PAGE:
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Film Students Shooting Fake Robbery Scene Nearly Shot By Police: 'Milliseconds From a Tragedy

"One of the officers made the decision that had the man moved, he would have been killed."

Police nearly opened fire on film students shooting a fake robbery scene. (Image source: KTLA-TV)

Film students shooting a fake robbery narrowly escaped a very tragic ending when police burst in and nearly opened fire.

Police nearly opened fire on film students shooting a fake robbery scene. (Image source: KTLA-TV)

The students were using fake guns to shoot a robbery scene in a suburban Los Angeles coffee shop Thursday morning when an alarmed bystander thought it was the real thing and called 911, The Los Angeles Times reported.

Police arrived to find one man holding what looked like an AR-15 and another one carrying what looked like a handgun. Both were wearing hooded sweatshirts and masks.

Glendora police Capt. Tim Staab told the Times the man with the rifle dropped his weapon immediately, but the man with the handgun hesitated.

"He was dumbfounded," Staab said.

Police audio obtained by KTLA-TV reveals an officer shouting, "Drop the gun!...Drop it, drop it, drop it."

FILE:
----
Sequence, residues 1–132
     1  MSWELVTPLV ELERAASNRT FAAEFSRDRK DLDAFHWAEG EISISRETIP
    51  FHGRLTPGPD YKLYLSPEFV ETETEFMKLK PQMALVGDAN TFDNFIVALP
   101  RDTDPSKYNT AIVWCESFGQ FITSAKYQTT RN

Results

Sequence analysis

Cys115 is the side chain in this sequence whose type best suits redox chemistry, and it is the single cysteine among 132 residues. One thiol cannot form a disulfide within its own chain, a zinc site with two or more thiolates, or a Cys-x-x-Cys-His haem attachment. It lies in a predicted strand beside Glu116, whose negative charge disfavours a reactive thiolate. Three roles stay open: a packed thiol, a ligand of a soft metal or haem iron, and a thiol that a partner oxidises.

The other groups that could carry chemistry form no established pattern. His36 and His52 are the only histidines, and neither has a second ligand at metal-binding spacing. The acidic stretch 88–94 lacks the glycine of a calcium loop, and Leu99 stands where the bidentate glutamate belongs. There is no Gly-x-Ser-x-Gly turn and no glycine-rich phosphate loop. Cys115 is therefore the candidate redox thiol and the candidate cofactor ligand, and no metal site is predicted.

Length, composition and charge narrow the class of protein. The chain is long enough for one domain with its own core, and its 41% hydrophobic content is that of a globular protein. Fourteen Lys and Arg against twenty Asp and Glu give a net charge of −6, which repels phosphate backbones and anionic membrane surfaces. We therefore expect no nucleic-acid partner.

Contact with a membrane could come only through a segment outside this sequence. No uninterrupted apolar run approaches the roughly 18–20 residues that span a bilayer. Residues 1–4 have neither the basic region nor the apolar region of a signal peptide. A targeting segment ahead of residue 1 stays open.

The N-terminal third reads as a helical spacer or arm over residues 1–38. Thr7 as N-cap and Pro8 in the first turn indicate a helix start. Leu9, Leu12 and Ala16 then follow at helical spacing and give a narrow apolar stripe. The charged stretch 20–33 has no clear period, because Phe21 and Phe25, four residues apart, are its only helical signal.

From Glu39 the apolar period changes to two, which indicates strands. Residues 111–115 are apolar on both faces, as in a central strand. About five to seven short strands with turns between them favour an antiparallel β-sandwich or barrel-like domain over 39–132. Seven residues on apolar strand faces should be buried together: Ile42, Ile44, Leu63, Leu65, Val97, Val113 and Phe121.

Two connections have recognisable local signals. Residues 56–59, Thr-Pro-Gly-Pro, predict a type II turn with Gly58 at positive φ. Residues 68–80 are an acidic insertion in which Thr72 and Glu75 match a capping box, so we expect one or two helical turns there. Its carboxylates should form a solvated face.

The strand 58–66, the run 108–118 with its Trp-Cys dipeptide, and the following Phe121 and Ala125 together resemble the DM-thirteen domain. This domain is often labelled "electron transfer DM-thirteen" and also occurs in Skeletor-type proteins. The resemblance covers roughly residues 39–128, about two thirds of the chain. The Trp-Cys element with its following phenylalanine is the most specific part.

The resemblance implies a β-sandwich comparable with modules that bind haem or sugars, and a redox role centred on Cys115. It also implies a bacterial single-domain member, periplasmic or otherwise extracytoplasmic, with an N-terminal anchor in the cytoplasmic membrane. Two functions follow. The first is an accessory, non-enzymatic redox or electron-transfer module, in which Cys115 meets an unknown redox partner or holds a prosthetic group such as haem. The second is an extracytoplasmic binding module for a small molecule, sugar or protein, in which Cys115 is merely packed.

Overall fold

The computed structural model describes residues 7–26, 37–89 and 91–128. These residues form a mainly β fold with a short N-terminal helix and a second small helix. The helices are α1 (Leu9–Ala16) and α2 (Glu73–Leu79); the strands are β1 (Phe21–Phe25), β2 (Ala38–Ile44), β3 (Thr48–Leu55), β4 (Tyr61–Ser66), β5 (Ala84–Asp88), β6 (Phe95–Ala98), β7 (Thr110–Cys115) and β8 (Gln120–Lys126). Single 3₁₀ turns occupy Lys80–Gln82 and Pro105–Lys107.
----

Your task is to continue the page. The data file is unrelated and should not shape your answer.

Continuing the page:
"One of the officers made the decision that had the man moved, he would have been killed," Staab said. "It was just milliseconds from a tragedy."

In the audio, the officer commands: "Get on the ground right now. What are you guys doing? You're shooting a short film? In a store with a man with a gun?"

Staab told KTLA the officer waited "one split second" that made every difference in averting a potentially deadly scene and then "disarmed" the man by knocking the gun to the ground.

The students were using realistic Airsoft guns to film, but had removed the orange markings to indicate they were replicas, police told the station.

“The looked extremely real. I picked them up afterwards, and they were heavy like real weapons, but they were simulated," Stabb said.

According to KTLA, the crew got permission from the coffee shop manager to film, but did not obtain a permit from the city or inform the police department they would be shooting.

"I can't think of a situation more dangerous than having a gun in your hand with cops responding," Staab said. "It was much closer than we ever want to get close to."

The students were allowed to keep their weapons and, after a lecture from officers, were allowed to go on their way without facing any charges.

The Associated Press contributed to this report.

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